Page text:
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ef manual conversion wiring

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ef manual conversion wiringPosted: Tue Jan 23, 2007 10:49 pm I've unwrapped it right up and may undo more still to see if there are any joins.EL Grrrr wrote: Can I just cut off the other wires that go to the big round plug (that goes into Auto) or do I need to leave that connected??? Damn I knew I should've stopped unwinding it before I got so far up the loom, well I can just tape it all up again and put all those bits back I took off. Doesn't really matter what you do with them - I've found some ECU's give out fault codes for the solenoids, some don't. You can hook up 120 ohm resistors to simulate the solenoids, but this is only to cut down getting 7 error codes when you go to do ECU diagnostics. The error codes themselves won't affect the way the car drives. Thanks Voxace I loved your manual and will contribute some more info and pics from my EL conversion.It would be a good addition to this manual.You can use any size 5w resistor but aim for around 100- 120 ohms so they don't get too hot, the S5 one may need to be less, say around 50 ohms, test using larger ones first.You can use any size 5w resistor but aim for around 100- 120 ohms so they don't get too hot, the S5 one may need to be less, say around 50 ohms, test using larger ones first. All you're doing is giving the ECU a complete cct when the ECU tests for the solenoids periodically. The 7k resistor takes care of that - as mentioned in other resistor mod threads. So the neutral switch isn't really used, unless you want to make it a starter motor interlock - won't start in gear.The problem with the resistor mod is that the ECU always sees the trans in neutral, which is fine for idle and deceleration, but the ECU never switches to this mode. Most people don’t realise the ECU needs a signal to know whether the car is in gear or neutral. This helps with idle speeds, and fuel cutoff when coasting amongst other things. To assist with this, the T5 manual has a neutral switch as shown in the picture to the right.http://erdemlirehberim.com/UserFiles/d52w14-service-manual.xml

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  • ef manual conversion wiring, ef manual conversion wiring transfer switch, ef manual conversion wiring diagram, ef manual conversion wiring circuit, ef manual conversion wiring diagrams.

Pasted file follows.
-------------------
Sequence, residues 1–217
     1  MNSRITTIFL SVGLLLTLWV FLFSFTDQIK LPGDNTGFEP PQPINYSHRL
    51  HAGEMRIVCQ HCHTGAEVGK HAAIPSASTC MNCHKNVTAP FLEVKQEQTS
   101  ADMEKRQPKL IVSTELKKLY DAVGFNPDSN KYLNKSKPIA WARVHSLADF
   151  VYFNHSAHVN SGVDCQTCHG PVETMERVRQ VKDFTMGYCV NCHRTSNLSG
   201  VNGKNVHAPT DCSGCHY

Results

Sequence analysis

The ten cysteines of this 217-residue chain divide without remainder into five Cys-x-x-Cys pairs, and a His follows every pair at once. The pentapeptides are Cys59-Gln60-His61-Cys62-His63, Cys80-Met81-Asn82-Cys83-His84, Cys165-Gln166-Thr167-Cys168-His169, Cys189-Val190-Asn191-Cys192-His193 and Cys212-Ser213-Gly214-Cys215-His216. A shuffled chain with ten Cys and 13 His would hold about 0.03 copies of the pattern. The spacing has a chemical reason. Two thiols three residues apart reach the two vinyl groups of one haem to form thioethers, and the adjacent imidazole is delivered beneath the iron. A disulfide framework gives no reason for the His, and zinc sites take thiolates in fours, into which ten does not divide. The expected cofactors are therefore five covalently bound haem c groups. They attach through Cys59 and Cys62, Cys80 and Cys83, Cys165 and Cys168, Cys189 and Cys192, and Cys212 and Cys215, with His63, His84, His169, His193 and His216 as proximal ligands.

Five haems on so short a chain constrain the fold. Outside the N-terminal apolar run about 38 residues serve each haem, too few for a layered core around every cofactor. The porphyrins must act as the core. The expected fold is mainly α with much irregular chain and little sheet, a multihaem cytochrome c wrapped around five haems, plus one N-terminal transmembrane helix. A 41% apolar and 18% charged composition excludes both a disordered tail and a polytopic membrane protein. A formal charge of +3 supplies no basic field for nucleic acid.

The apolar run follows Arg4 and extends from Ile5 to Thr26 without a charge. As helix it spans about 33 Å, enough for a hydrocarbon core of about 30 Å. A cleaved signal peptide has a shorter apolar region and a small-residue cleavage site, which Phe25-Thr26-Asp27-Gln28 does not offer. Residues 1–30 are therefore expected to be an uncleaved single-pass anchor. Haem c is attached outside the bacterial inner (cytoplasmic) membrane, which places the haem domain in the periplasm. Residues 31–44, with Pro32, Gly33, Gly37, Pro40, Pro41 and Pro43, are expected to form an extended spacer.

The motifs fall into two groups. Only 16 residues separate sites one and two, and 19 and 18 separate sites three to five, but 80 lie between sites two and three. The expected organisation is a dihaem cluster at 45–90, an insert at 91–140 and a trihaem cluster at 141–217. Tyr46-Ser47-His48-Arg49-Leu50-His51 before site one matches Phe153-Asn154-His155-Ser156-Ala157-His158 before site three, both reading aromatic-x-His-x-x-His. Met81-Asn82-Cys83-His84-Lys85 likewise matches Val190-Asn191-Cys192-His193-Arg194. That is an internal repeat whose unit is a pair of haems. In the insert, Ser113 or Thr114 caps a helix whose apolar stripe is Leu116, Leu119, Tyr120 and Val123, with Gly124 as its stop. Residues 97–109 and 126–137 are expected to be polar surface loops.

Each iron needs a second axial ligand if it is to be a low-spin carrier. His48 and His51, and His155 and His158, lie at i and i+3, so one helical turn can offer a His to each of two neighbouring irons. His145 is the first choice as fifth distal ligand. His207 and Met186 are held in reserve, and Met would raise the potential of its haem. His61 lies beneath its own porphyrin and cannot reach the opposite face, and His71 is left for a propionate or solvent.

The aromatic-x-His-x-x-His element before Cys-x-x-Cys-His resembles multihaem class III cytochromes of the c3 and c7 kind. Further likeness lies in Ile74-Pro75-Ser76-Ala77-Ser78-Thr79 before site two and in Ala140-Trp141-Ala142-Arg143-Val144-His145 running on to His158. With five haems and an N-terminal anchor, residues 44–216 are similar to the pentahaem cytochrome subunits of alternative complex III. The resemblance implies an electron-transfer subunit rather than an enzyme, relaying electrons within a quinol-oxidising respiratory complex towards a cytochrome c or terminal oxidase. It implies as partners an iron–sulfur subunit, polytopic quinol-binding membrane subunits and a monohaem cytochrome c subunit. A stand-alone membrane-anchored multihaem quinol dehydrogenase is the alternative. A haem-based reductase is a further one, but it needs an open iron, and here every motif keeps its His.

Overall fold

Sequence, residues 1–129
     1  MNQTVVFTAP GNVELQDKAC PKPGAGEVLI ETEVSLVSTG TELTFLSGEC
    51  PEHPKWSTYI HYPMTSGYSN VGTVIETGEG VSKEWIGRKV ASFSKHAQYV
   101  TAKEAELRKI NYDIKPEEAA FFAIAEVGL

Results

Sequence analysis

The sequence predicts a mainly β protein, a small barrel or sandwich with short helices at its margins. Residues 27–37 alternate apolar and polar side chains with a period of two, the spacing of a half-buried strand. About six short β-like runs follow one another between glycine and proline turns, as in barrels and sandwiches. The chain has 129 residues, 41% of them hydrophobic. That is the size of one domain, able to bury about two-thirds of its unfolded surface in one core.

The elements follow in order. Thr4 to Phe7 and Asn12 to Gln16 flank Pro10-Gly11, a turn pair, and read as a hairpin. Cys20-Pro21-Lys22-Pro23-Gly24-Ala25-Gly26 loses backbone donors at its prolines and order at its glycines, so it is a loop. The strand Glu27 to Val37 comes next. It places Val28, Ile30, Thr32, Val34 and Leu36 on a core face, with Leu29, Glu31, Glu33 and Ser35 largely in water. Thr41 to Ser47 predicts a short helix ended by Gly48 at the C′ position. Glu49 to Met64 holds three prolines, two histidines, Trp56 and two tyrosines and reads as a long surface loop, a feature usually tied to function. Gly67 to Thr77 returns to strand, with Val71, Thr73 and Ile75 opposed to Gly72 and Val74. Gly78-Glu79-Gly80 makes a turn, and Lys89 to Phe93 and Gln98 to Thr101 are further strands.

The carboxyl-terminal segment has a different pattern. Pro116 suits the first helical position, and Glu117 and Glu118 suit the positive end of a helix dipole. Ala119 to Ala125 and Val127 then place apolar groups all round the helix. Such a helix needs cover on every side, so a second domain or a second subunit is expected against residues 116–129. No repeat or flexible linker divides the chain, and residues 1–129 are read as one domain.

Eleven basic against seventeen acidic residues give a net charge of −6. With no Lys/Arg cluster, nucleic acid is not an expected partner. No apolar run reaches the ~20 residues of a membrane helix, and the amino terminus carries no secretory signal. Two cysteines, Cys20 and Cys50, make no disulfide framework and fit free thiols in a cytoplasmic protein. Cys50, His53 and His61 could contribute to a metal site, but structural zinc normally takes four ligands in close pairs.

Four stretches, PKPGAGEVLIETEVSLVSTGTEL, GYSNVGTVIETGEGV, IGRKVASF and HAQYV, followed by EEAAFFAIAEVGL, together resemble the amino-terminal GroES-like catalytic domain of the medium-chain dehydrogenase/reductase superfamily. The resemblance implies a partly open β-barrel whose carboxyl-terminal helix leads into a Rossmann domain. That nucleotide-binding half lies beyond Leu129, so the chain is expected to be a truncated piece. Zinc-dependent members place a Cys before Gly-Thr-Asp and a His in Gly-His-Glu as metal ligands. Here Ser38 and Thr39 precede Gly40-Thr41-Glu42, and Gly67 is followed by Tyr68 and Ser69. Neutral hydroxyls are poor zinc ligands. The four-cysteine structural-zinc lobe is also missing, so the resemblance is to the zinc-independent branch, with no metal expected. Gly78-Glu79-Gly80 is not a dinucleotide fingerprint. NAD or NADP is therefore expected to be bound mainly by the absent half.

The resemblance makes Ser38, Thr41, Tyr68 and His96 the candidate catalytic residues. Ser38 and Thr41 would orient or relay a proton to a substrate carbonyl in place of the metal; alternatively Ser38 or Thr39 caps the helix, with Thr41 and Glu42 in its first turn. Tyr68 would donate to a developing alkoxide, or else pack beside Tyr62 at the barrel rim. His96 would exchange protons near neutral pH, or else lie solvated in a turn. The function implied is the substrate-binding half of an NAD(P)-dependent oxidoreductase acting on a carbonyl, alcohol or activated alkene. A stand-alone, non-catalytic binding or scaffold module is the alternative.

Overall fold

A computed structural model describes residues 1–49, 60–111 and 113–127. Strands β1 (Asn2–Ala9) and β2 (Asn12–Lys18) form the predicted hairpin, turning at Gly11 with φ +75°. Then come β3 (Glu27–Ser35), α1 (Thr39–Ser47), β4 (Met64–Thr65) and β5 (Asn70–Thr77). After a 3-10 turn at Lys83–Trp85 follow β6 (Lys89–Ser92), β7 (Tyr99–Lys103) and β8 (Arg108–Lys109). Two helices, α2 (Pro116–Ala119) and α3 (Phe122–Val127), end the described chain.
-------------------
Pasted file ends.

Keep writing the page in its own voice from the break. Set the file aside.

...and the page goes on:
Neutral Switch ECU Pins The following table outlines which pin the switch needs to be connected to. Reply Jason Bolger says: June 29, 2017 at 6:42 pm You would find idle behavior issues and return to idle would not behave correctly. The ECU has strategies to prevent a stall when coasting for example. Cheers, Jason Reply Kane says: August 9, 2017 at 7:55 pm what if my gearbox does not have a neutral switch on it.Reply Jason Bolger says: August 9, 2017 at 9:03 pm You should find all E-Series T5s have the switch. Reply Paul says: May 13, 2018 at 6:33 pm I have an Au v8 5 speed manual without the switch.What do i do in that case. Reply Jason Bolger says: May 14, 2018 at 8:12 pm Wire it up per factory. Reply Dylyn says: November 29, 2019 at 9:55 pm Are you able to use the signal return wire that’s used next to the gear selector wire as the earth or do you have to make a new wire running to earth Reply Jason Bolger says: November 30, 2019 at 9:52 am SIGRTN should be fine mate. Reply Sheridan says: June 19, 2020 at 12:56 am I’ve wired my neutral switch up via the wires already at the gearbox. It does prevent me from starting the car in gear but is there a way to wire up a clutch switch to allow the car to start in gear as long as the clutch is being pushed. I have cruise control so I’ve already got the cruise control switch mounted in the factory location. Also, as I’ve wired my switch up using the wires at the gearbox do I still need to run a wire to my ECU. Reply Jason Bolger says: June 21, 2020 at 10:55 am The starter inhibitor and neutral switch are different things. Grab a workshop manual and follow the diagram for a factory manual. The ECU expects a neutral signal on the gear position input so it can control idle properly. Reply Sheridan says: June 27, 2020 at 12:45 am What if I were to use a factory manual loom, would this eliminate any issues. Reply Jason Bolger says: June 28, 2020 at 11:34 am Yes, or simply reviewing a workshop manual and wiring it the same.https://www.denizberksoy.com/denizberksoy/usermedia/d52gw12-service-manual.xml Reply Leave a Reply Want to join the discussion. Feel free to contribute. Leave a Reply Cancel reply Your email address will not be published. Built from the ground up by revheads for revheads, our system is designed to make it easy to assemble your system from end to end. GST Owners Gallery Justin’s XH XR6 May 4, 2019 - 10:49 am Jaan’s AU XR6 Turbo June 2, 2018 - 5:00 pm Mick’s Cobra March 27, 2017 - 8:48 am Daniel’s ED Fairmont December 26, 2016 - 2:11 pm Instagram This is Josh's EB Falcon. You are currently viewing our boards as a guest which gives you limited access to view most discussions and inserts advertising. By joining our free community you will have access to post topics, communicate privately with other members, respond to polls, upload content and access many other special features without post based advertising banners. Registration is simple and absolutely free so please, join our community today. If you have any problems with the registration process or your account login, please contact us.This is checked twice each day so there will be a delay before your registration is activated.There are a number of IP ranges blocked in order to keep known spammers from registering and some of these are wide ranging. If you believe your IP has been blocked in error then to contact the administrator click here. Major Parts needed: -Pedal assembly, keep your old one cause you will have to switch over the gas pedal unless u want to change the cable out too -flywheel and flywheel bolts as the auto bolts are much shorter -Tranny of course, Si or DX 5 speed is good choice -Clutch and pressure plate -Clutch cable and firewall gromet -Shiftlinkage with shifter and boot from 88 - 91 civic or crx -Peice of steel to weld or glue in where the auto cable came up, so it doesn't get unreasonable hot in the car from your wouldbe heat vent.http://www.diamondsinthemaking.com/content/boss-bx-8-mixer-manual -wire to run from backup light switch on tranny to where auto shifter was -axels as i hear they are diff, i didnt find out cause i did the zc swap at the same time and allready had everything including beefier axels -ECU Installing the pedals (have fun): This part sucks. Droping steering column and removing drivers seat makes life easier at this part. I cannot tell you how many nuts hold the assembly to the car, i can say it is all nuts though. One is really tricky to find and get to. You need a swivle, deepwell 12mm and 2 six inch extensions. It is above the air vents and steering column. Have fun getting it out. Remove cotter pin that holds brake pedal to brake booster. There is also a nut and bolt for it. Remove the gas pedal from automatic pedal assembly and move to manual assembly so the cable plugs up, or switch cable. Install the clutch cable through gromet that honda left on firewall in factory location. Rebolt all the nuts to the car that hold the pedal assembly. Removal of the transmission: To remove the transmission (you should know how to do this otherwise don't attempt). Please check my work with a chiltons or haynes manual as i will not be held responcible for damages that incure from this install. Remove both axels. Unbolt the bellhousing, remove the mounts (3 of them) and remove transmission, this is a unusually large tranny, it might require the whole engine coming out depended on how patient you are. I had the whole thing out cause i was putting a DOHC ZC in. Unbolt the torque converter from the motor, install flywheel ( make sure not to reuse automatic flywheel bolts). Installing shift linkage: This is a fairly simple task, remove the old auto shifter by removing 2 bolts on top and 2 on bottom. Then drill 2 holes where honda welded over them as picture below. Then simply install as a normal linkage would be.http://hillstromplasticsurgery.com/images/case-480c-operators-manual.pdf Take a piece of thin metal and glue to a piece of abs plastic and epoxy it on, the metal is to deflect heat and the plastic is to keep the heat form transfering inside. Installing the transmission: Torqure manual flywheel bolts down at 76 footpounds of torque. Install clutch with alignment tool, torque bolts down to 25 ft lbs. Before you install it all back there is one extremely important thing about the rear mount. Honda left 2 spots to mount the rear mount with 3 sets of holes, two are threaded, one is not. You need to move the mount location to the one that is threaded and then thread the other and place a bolt in there. Reassemble as specified in honda manual. Put new manual axels in. Wiring with diagrams: Drag two wires from under the hood (yellow and green on tranny) for the reverse lights to work when you are in reverse. Please note that the R light on the instrument cluster will not work without some decent knowledge of relay wiring. Connect these to wires to the ones pictured below I found this one out the hard way, the key will not come out unless the car is in park and um, you dont have a park anymore. To fix this you can make the car think its in park all the time. Please understand, by doing this the P will be on in the instrument cluster all the time. This can be corrected one of 2 ways, disconneting the light or some extensive relay work. This one is needed to crank the car because it no longer has a neutral or park. It is one of two plugs with only 2 wires. This one is easy to spot because it has two heavy black wires instead of the other with two yellow wires. Just connect them in a simple loop, or with some relay work to the clutch pedal because some decent current goes through them directly to the starter. I just left it like picture and allways crank the car with my foot on the clutch. Finished job: Below is a pic of what it all looked like before covering it back up. There is a small amount of space for heat to come in at shift boot. This can be corrected in your own inventive ways. I tucked the wires under the plastic at the bottom of the pic. Please Also Note I Do NOT HAVE THE LINK TO THE ORIGINAL!!! Paste as plain text instead Display as a link instead Clear editor Upload or insert images from URL.With over 1500 active forum members and that number growing with each month, NZHondas.com is the largest car themed forum in the country. Several functions may not work. Please re-enable javascript to access full functionality. So im assuming its a EB'. Anyway, the 4th gear servo had gone shot in it. I said i'll ask around and see what other options there are. My thoughts were. Replace with another auto. I assumed these would be eazy to come by and cheap: Other option, manual conversion, T5 manual.How about peddle box. Can i mod a peddle on there or will i need the entire box form a manual. Any info you guys think would be handy, to help me with the box change and procurement, i will love you for it. I've had bugger all experience with e-series. Maybe you even have an old e-series suitable transmission sitting in your pile of stuff and you wanna part with it. Cheers. -Crazy2287Peddle box is a nightmare but you can just buy a malwood pin kit or make your own. No need to change the computer either as the wiring just plugs in and the auto comp thinks its in neutral. Ive done a few e series conversions )Horsepower is how fast you hit the wall, torque is how far you take the wall with you.The resistor trick.if it works.is just dodgy. Get the correct ECU. If you can't, purchase a J3 chip to get the transmission choice you like. The EF version is different to the ED one.120 pins vs 60-odd for earlier models so be sure to identify correctly.Wack another one (preferably from a au or el, I also heard they're tougher somehow) in there and be dOne with it on the cheap.Wrong there buddy,all eb's had 4speed autos,none had 3 speeds.Some early eb's got the centerpoint 3.9 engine,but they still had a 4 speed auto.Horsepower is how fast you hit the wall, torque is how far you take the wall with you.How so? I'm genuinely interested to know. My EB's okay.My EB's okay. Poor clutch feel is the first thing I dont like, missing bolts and brackets, messy wiring etc, then the conversion kit is missing a few bits, hard way too fix a car in my opinion. Not saying you cant do it well and that yours is not a good example Gav, but I have not driven one conversion that feels as good as it should, and to make the car work again this would be the hard way of doing it.Not saying you cant do it well and that yours is not a good example Gav, but I have not driven one conversion that feels as good as it should, and to make the car work again this would be the hard way of doing it.Horsepower is how fast you hit the wall, torque is how far you take the wall with you.My experiences have been mixed. The XF I converted sometime ago cracked at the firewall within 18 months of the conversion. My EB is still fine, many years post-conversion and my EF XR6 - manual since the factory is fine 17 years later. Strange, considering its clutch action has been the heaviest of the lot. It has as many kays on it as the others and consequently probably a much larger number of clutch pedal cycles. Cable condition is probably a key factor. It's such a long cable, subjected to a fair amount of heat. As the cable lube reduces with time and heat exposure, reaction forces applied to the firewall increase. Ever notice how much better clutch feel is with a new and properly adjusted cable. Why would the pedal sit higher. I've noticed this too. I've never had issues with the cable clevis at the pedal end. It is bushed and pinned - how can it spread when it's physically constrained by a split pin. I've had the hook thingy at the throw-out lever end pull through though. One pissy little component can disable the whole car. I carry one of these in the car, it's good to have one on board as a spare. Having said that - at least Falcons are tractable enough to pull away in third gear. At least you can limp home.been there too.Ended up figureing out that if i dropped the gearbox with it still on end it would tilt back far enough to get a massive extension in and un do em. Anyway, im up to flex plate to torque converter bolts.Any one have that torque handy? You can have a turbo, supercharged, NOS or normally aspiratedSo at the flick of a switchYou can have a turbo, supercharged, NOS or normally aspiratedSo at the flick of a switchYou can have a turbo, supercharged, NOS or normally aspiratedSo at the flick of a switchYou can have a turbo, supercharged, NOS or normally aspiratedSo at the flick of a switchCreate an account now Update my browser now. Something went wrong.Learn more - opens in a new window or tab This amount is subject to change until you make payment. For additional information, see the Global Shipping Program terms and conditions - opens in a new window or tab This amount is subject to change until you make payment. If you reside in an EU member state besides UK, import VAT on this purchase is not recoverable. For additional information, see the Global Shipping Program terms and conditions - opens in a new window or tab Learn more - opens in a new window or tab Learn more - opens in a new window or tab Learn more - opens in a new window or tab Learn more - opens in a new window or tab Learn more - opens in a new window or tab The item has been completely disassembled, cleaned, and examined for wear and breakage. Worn out, missing or non-functioning components have been replaced with new or rebuilt components. It is the functional equivalent of a new part and is virtually indistinguishable from a new part. See the seller’s listing for full details. Contact the seller - opens in a new window or tab and request postage to your location. Please enter a valid postcode. Please enter a number less than or equal to 3. If you don't follow our item condition policy for returns, you may not receive a full refund. Refunds by law: In Australia, consumers have a legal right to obtain a refund from a business if the goods purchased are faulty, not fit for purpose or don't match the seller's description. More information at returns. All Rights Reserved. User Agreement, Privacy, Cookies and AdChoice Norton Secured - powered by Verisign. The auto driveplate bolts are too short.Don't cheap out, buy a new clutch. Exedy makes a great and affordable stock replacement.Disconnect the cotter pin that connects the brake pedal to the brake booster, then you can start unbolting the pedal assembly. To get the best access to the bolts, I recommend removing the driver's seat (two bolts in front, two in back, and a clip underneath, easy) and dropping the steering column.Lie on your back in the footwell. Remove the fuse cover. Just above the fuse panel, next to the steering column you will see a stud with a 12mm nut. There is one just like it on the other side. Just above those are a pair of 12mm bolts. These hold the height adjuster mechanism to the inner dash supports. Then there are two more down below on a clamp half.Five of them are on the firewall, the sixth is above the brake pedal. Once they are all off, disconnect the throttle cable and your granny foot controls are out.Honda left a hole and a grommet there for you. Make sure you have those little pedal stops in place, at least for the brake pedal. Without them, your battery will quickly drain because your brake light switch will always be on. Don't worry, the extra stud you need is already there, but you'll have to find another nut.You can put the steering column back up too.Depending on your situation, you may be better off removing the engine as well, if you're doing an engine swap simultaneously for instance. This guide will walk you through just the transmission removal.If your rear wheels are still on the ground, (ie.Remove the starter and transmission ground cables, then disconnect the speedo cable, it's secured with a clip. Do not disassemble the speedo gear holder, the speedo gear could fall into the transmission housing. Drain the transmission fluid into an appropriate container and properly recycle the fluid. Remove the ATF cooler hoses. Remove the axle nuts (32mm). Remove the cotter pins and castle nuts from the lower front balljoints,and separate the balljoints. Click here to see a video of how to best remove the balljoints. Swing the knuckles out and remove both axles. If the axles are stuck in the hubs, use a mallet or small sledge to knock them out. If you have an axle puller tool (looks like this ), lucky you.Remove the header pipe and bracket (or remove the whole exhaust manifold if those bolts are too rusted), and remove the lower torque converter cover. Next remove the shift control cable by removing the cable holder bolt, cotter pin and control pin, or you can do like I did and just cut the damn thing. At this point you can see the drive plate, remove the drive plate bolts one at a time while rotating the crank pulley.Remove the mounts in this order: Front, Rear, Side. You're now ready to unbolt the transmission. There are 5 bolts holding the tranny to the engine, get those suckers off, and you can pull the transmission away from the engine. Once the tranny clears the dowel pins, lower it on the jack and dispose of it. Or, sell it to some sucker that's got a blown tranny in his sedan. The flywheel bolts are torqued to 76 ft-lbs. Use the alignment tool and bolt your new clutch and pressure plate to the flywheel. Install the new throwout bearing on the manual transmission. Don't forget to drain and refill the tranny with Honda MTF.This isn't hard, just remove the center console (6 screws) and then start taking the shifter apart. It's not like you're putting it back in, so just take off every screw, bolt and connector you see, and have fun knowing you're done with it. There are some bolts that you'll have to get at from under the vehicle.You should be able to easily see where Honda welded them shut, just behind the auto shifter bolt holes. Drill them open and install the shifter and linkages. Have fun with the spring pin. An 8mm punch and the aforementioned sledge will help.It should be very easy to spot because your seat is out. When that's done, remove the single 10mm bolt that holds that little blue box in place, and throw it away. Then tackle the reverse light wiring. Drag two wires from the tranny reverse switch (yellow and green) and connect them to the wires seen below:There is no starter relay on the automatic cars, it's handled internally by the auto shifter. You must have seen the two heavy gauge black wires going into the auto shifter, that's your starter circuit. You have two options here, the first is to connect them in a simple loop, as seen below:There will be no safety override device in place.You'll need a 40-amp automotive relay and a clutch switch on your pedal assembly. The normally open contacts on the relay are where you'll connect the two thick black wires. Now the starter won't get juice unless the clutch is depressed.Reinstall the cover and put the carpet back in place.It's best to weld it in place, since I assume you won't be converting back to auto. Get a friend to help if you can't weld or don't have the equipment. In a pinch, duct tape will also work, but it's not a permanent solution. Put your seat back in and adjust it to your liking, put the battery back in, check to make sure everything is tight and in good working order, and go for a drive. Don't stall it. I remember looking at mine side by side when i did the swap and I seem to recall not finding a difference.You'll need a 12mm socket i believe. There are two nuts that hold the column to two studs under the gauge area of the dash. Then futher down there are two bolts holding the column by a half circle clamp. I think there is a plastic cylindrical cover over the bottom ones, just pull it down and off. Just curious why do you have 3 listed?I can't remember if the side mount itself is different also.Lie on your back in the footwell. Then as I said there are two down below on a clamp half. I'm interested in this as long as it doesn't cost too much. I'm interested in this as long as it doesn't cost too much. For that price I'm assuming new axles, lightweight flywheel, new Exedy clutch - stuff that you don't have to get but would be smart to take advantage of. I'm interested in this as long as it doesn't cost too much. I would if it was all new parts, but a lot of the parts you need are going to be sourced used, and prices vary widely. For that price I'm assuming new axles, lightweight flywheel, new Exedy clutch - stuff that you don't have to get but would be smart to take advantage of. I was thinking about getting maybe some integra pedals. The shift linkage has to be from an 88-91 Civic or CRX. The shift linkage has to be from an 88-91 Civic or CRX. It should be very easy to spot because your seat is out. When that's done, remove the single 10mm bolt that holds that little blue box in place, and throw it away. I wish I had a pic, but it really should be obvious, it's slightly larger than a deck of cards. I wish I had a pic, but it really should be obvious, it's slightly larger than a deck of cards.If you can already do that, skip that step. You'll need a 40-amp automotive relay and a clutch switch on your pedal assembly. Now the starter won't get juice unless the clutch is depressed. Any and all trademarks are property of their respective owners. To start viewing messages,Here's how I did it: First disconnect the negative terminal of the battery. Then, remove the centre console: Then remove the shroud from the steering column, undo the 2 nuts securing the steering column to the dash. Lower it to the floor. Remove the 2 screws from the top of the radio surround and remove the surround: Remove the handbrake trim panel and undo the nuts securing the handbrake bracket to the car and firewall. Lower handbrake to the floor: Remove the sill panels and kick panels from the left and right hand sides: Undo the screw securing the bonnet release cable to the dash. Withdraw rearwards and lower to the floor: Undo the screws on the glovebox hinges. Remove glovebox from the car. Working through the glovebox hole, disconnect the heater selector cable: Undo the 2 allen screws from the dashboard extension panel and remove from the car: Well, so it turns out my car was optioned with premium sound: Disconnect the wiring for the tweeters (if fitted) and the dashboard earth wire. Undo the lower dash bolts and then get an assistant to help you with the next bit. Undo the top dash screws. Then, you should be able to pull the dash forward enough to suitably mark all of the wiring plugs and then disconnect them. You should then be able to swing the dash across and rest it on the driver's seat. Undo the 5 nuts securing the pedal box to the firewall and brake booster. Remove the split pin from the brake pedal and slip the brake booster pushrod off the brake pedal. Then remove the 3 nuts holding the top of the pedal box to the firewall: Then you should be able to take the blasted thing out. Look mum, no brakes. Here are the auto and manual pedal boxes side by side: Refitting is a reverse of the removal. And there you are. Three pedals: I hope it goes back together easily. Thanks, Evan. And it did go back together nicely. Still there to this day.Good work so far Most of the car is pretty easy to work on with some exceptions. I had to pull the engine to replace the sump. Good work so far You can find a guide here: Faq's: The driveshaft is the same for auto and manual. If the car is 4 speed auto you will have to change the ECU to a manual equivalent or 'trick' it into thinking it's in neutral. Speedo transducer is the same auto to manual. Any e-series T5 will fit on any e-series. AU onwards has a 50mm longer extension housing.If the car is 4 speed auto you will have to change the ECU to a manual equivalent or 'trick' it into thinking it's in neutral. AU onwards has a 50mm longer extension housing. This is mainly because they have a fully hydraulically controlled automatic gearbox ie.In fact if you have a 3 speed EA or an EA with a separate TCM (transmission control module), you would not need to change ECU's as the ECU only controls the engine, not the trans as well.Its very fulfilling putting the clutch in the first time and getting into gear.All rights reserved. This page was generated at 08:35 AM. These modifications are available either as a reflash, or a fully tunable system. Reflashes involve the ECU being sent to Hondata; programmable system require the ECU to be modified for pre-2006 vehicles, or an external programming interface for 2006 and later vehicles. Note: Standard harness does not include VTEC wiring so if you are going to be wiring in VTEC your self or not using a VTEC motor select standard harness conversion.You can install any OBD1 coil into your External coil USDM H-Series distributor with very little modification. You can install any OBD1 coil into your External coil USDM H-Series distributor with very little modification. Our harness also includes a 3’ pigtail to simplify wiring any additional or required sensors to complete the installation.Made with quality OE style plugs, this jumper harness will allow your OBD0 Honda to accept an OBD1 or OBD2 distributor. Saves you about 2 hrs worth of painful wiring and looks super clean. Why would you wanna mess with shit like that when we’ve come up with a total plug n’ play solution for you. Mess up on one of the wires and your distributor and Fuel Management system can be fried. Don’t take a chance on burning up an ECU, grab the OBD0 to OBD1 Distributor Jumper Harness today Available in 16” or 32” lengths (fits most US spec Honda 4 wire O2 sensors) Converting over allows you to use the more powerful motor found in later generations of these cars. All instructions are included for installation. Direct plug and play. This Zerg Jumper harness is for the installation of the ECU only. Direct plug and play. This is for the installation of the ECU only. Brand new connectors and pins sourced from the same company Honda uses.